I was actually prompted to make this post when I saw a post in this subreddit by someone with a math degree who has arithmetic difficulties. Yes, this person was able to earn a math degree without solid arithmetic skills, and that indicates that some higher-level math can be done without a mastery of arithmetic. At the same time, the OP writes "numerical calculations are the bane of my existence." Perhaps he or she would find the game helpful.

1 point

·
11th Feb 2015

And here is his book for those who want to do this sort of thing on your own.

Keep it in the bathroom and you can become smarter every time you poop.

1 point

·
16th Oct 2012

From the sound of it, a lot of the answers you're getting are tailored more towards proper jail/prison as opposed to an FPC. So I'll throw in a bunch of extra info...

The level of Fed you go to will be determined by a score. I'm going to assume you're otherwise a straight up kind of person. So you'll likely get points mostly for your age and the severity of your crime. I'm going to guess you'll be around 7-9 points which should put you in Minimum. Getting over 11 (assuming you're male), will put you in Low. Your crimes also used telecommunications, so it's also possible you will be put in Low, by default. Just to give a quick overview, expect cubicle housing and double fences. There are also work programs to keep you busy. Key tip, surrender directly to the prison camp. Otherwise, your transport is through the prison system so you'll be shackled and spend way more time with hostile people than you'd ever want to. Your lawyer should have that all worked out for you. Do not surrender to the Marshals.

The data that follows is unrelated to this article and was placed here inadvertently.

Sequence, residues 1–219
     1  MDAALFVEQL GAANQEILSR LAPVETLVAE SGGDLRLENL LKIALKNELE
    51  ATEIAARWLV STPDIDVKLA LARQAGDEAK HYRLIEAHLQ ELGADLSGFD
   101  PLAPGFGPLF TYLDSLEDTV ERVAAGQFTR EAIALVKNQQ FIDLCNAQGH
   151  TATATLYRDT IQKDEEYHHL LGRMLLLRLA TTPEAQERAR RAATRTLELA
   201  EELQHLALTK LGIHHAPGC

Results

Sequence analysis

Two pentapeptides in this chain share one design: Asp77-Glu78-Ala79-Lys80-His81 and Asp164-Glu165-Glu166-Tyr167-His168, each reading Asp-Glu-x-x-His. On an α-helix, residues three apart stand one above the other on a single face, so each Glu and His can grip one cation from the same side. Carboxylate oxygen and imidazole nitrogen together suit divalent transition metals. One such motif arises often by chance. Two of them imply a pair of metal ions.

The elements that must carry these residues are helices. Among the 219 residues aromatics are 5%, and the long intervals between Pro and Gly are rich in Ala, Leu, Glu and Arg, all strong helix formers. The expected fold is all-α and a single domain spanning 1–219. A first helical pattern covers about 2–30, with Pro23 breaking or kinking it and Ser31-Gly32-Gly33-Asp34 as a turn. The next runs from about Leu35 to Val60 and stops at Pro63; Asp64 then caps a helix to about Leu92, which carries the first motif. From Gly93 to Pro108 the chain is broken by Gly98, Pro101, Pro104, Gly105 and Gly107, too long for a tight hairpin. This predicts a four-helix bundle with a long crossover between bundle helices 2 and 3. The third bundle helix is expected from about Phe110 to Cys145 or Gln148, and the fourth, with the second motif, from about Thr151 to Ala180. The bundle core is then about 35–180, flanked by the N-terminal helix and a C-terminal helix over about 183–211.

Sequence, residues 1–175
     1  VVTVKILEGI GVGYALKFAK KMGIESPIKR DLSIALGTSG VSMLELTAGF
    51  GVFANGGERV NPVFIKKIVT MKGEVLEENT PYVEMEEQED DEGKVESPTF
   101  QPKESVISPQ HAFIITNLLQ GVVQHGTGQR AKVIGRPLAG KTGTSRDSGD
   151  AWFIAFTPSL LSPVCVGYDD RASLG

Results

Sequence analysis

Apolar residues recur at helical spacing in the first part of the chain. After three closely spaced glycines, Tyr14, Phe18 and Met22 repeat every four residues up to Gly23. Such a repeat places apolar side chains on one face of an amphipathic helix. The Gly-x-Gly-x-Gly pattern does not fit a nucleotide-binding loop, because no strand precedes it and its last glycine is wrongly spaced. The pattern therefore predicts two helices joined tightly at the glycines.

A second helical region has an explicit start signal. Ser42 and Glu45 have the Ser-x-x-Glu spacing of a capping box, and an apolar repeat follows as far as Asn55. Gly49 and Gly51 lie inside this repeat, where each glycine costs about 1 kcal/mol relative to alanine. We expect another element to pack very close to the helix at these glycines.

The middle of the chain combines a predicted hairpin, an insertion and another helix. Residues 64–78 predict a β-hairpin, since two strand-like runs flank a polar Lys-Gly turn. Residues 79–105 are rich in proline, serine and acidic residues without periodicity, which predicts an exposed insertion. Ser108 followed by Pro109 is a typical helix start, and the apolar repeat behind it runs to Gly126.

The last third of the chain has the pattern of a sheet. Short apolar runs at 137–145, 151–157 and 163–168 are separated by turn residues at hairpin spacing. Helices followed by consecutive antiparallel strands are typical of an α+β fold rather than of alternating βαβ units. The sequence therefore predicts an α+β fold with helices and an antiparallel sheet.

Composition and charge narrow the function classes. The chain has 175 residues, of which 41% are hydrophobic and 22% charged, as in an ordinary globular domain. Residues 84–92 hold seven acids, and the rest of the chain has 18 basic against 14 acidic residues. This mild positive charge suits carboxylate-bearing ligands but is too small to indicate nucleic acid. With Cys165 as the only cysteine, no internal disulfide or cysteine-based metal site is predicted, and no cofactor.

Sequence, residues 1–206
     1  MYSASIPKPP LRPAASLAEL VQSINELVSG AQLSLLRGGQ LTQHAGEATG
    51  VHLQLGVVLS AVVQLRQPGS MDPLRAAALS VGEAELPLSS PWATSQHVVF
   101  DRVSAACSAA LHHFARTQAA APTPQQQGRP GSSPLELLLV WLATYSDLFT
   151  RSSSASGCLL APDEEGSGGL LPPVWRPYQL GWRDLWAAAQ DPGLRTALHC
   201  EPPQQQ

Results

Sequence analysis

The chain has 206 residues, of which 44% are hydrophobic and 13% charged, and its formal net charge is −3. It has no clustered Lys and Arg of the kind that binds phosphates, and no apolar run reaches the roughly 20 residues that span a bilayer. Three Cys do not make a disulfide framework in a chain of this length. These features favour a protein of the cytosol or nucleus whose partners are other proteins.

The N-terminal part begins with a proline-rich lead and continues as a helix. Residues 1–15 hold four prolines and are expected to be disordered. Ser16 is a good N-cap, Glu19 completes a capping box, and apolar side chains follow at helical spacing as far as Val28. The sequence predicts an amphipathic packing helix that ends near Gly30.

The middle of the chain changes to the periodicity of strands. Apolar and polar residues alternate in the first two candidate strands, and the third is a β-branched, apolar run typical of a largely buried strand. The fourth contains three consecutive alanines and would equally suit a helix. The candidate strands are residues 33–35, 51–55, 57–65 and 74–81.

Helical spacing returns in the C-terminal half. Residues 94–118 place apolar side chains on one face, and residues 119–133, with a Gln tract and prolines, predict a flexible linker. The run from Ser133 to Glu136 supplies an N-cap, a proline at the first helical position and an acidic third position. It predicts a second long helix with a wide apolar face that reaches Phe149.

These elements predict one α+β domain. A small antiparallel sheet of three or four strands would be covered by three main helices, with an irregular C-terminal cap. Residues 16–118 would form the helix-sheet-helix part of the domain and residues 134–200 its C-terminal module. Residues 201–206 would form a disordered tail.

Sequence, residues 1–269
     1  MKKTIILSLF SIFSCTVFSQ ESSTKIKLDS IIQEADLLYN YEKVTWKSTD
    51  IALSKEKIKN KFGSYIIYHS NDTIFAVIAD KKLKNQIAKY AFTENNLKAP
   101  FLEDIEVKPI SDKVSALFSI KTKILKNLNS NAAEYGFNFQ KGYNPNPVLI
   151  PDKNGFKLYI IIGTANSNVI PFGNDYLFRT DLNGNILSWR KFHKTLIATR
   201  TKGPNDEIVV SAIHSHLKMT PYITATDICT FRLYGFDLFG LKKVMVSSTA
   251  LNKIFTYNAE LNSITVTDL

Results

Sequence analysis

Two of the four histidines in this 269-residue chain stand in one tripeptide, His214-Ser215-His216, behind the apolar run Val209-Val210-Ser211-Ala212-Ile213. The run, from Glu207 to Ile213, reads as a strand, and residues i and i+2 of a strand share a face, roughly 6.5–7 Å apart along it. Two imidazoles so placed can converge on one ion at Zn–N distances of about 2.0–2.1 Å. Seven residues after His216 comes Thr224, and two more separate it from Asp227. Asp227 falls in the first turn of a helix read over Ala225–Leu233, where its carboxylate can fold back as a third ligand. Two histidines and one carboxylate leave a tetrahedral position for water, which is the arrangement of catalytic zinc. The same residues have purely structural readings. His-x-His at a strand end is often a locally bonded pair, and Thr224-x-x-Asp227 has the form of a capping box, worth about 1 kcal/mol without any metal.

You will then be classified as either: Community, In, Out, or Maximum. You will be reviewed and put into any of those groups. Also of note, try to get any nagging medical conditions you may have out in the open as soon as possible. They may upgrade your medical level and you can get it worked on.

And if you also have a case by your State, you'll probably just serve in the state institution. Anyway, you'll probably have a facility support job and that will take up time.

Your typical day will involve waking up early, then doing your job. You'll be on your own from about 2:30, then there will be a census count probably by 4. Then around 5, you'll be released for meals, purchases, etc. If you wanted, you could fill your evenings with a class, or even teaching a class. And depending on your work schedule, you may even find yourself sleeping by 9.

If anything, I'd generally stay away from working with actual cards and sleights. For the most part, they're too precious of a resource. And odds are no one will be able to send you any. The biggest source of boredom in a prison setting is the lack of mental stimulation. I would suggest pursuing any of the normal mental aspects of magic.